Several years ago Federal Express decided to freely provide any customer with as much detail as possible over the Internet. This was a very courageous move for the time. They didn't know whether they were building a white elephant or a system to provide incriminating information to aggravated customers. Instead, they have redefined the logistics industry and earned a financial return out of all proportion to the initial investment.

Using this momentum, FedEx has created entirely new business models for itself and taken up a dominant position in the delivery of goods purchased through the Internet.

Here in Australia companies like Alcatel Australia, Gowings and Amway Australia are opening up their internal mainframe applications and business workflows to their partners and customers.

So what is this "e-business" and how does your business profit from it?

A large part of the answer is embedded in the term itself. E-business is business enabled by network technologies such as the Internet or secure private networks. "E-business" reduces "electronic" (technology) to a single 'e' but keeps "business" at its full strength. The term isn't "e-biz," it's e-business.

No amount of technology (or anything else) is going to help your business if you don't know what it is that your business does. A clear vision of the unique values your company brings to market is critical to your success and in particular to your successful implementation of e-business.

To gain that understanding of your business you can conduct internal brainstorming or engage external consultants to provide a structured and focussed assessment of your business values and processes.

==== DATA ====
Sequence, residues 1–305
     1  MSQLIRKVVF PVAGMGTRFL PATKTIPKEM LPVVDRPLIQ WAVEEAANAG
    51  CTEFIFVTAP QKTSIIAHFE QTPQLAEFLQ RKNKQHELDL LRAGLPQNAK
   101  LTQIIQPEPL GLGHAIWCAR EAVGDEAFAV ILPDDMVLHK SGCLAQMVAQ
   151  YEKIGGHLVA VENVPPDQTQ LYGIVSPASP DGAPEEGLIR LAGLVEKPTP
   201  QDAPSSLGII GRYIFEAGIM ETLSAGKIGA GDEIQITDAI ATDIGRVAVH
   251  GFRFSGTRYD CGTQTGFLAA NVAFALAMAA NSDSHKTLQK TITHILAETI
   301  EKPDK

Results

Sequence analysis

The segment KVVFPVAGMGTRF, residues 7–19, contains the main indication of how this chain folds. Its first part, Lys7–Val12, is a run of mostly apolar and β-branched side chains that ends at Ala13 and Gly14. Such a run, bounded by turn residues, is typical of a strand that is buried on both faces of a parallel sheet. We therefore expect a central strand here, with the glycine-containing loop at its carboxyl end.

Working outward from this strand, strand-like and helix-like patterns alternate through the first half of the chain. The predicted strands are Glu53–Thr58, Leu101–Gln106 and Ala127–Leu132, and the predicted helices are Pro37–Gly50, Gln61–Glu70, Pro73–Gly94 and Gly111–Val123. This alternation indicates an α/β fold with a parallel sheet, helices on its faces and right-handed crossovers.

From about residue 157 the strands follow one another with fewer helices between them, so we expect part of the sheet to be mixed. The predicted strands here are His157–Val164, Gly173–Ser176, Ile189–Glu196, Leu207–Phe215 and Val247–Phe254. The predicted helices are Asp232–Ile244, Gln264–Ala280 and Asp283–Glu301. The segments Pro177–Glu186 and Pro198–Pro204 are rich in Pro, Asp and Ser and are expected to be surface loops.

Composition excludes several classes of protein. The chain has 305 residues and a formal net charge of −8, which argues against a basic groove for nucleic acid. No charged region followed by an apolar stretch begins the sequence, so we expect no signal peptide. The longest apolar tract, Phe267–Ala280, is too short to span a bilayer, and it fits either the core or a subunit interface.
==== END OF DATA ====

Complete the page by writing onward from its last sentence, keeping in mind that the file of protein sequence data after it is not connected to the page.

With this knowledge, some strategic advice and the help of experienced systems integrators, you can take your most profitable, most important or most expensive business process and enable it with the secure and dependable solutions available today.

The e-business catch phrase, "Start simple, Grow fast" doesn't mean to put up a home page, a counter and a few banner ads to see what happens. The risks have been taken and profitable examples of how to start are available for almost every industry.

"Start simple" means taking advantage of the reliable and scalable solutions available now and adapting them to your own business to increase productivity and customer satisfaction.

The "Grow fast" is the fun part. If you have established your e-business on standards-based solutions that can scale from a desktop to clustered mainframes, then you have the flexibility to expand in whatever direction you need.

Using a proven platform that is designed to talk to more than one type of operating system, you can integrate your business with partners on an ad-hoc basis to take advantage of each others core services and customer relationship strengths.

Electronic communities will reshape industries that are structured by the production process into consumer process driven value providers. Businesses must align themselves to the desires and demands of their customers at all levels. Focussed e-business operators will eliminate companies that do not align themselves with their customers in the expanding electronic marketspace.

The choice to drive the future, or to be driven over by the future, is yours.

George Brisbin is a consultant with Sydney-based consultants FC Mueller & Associates.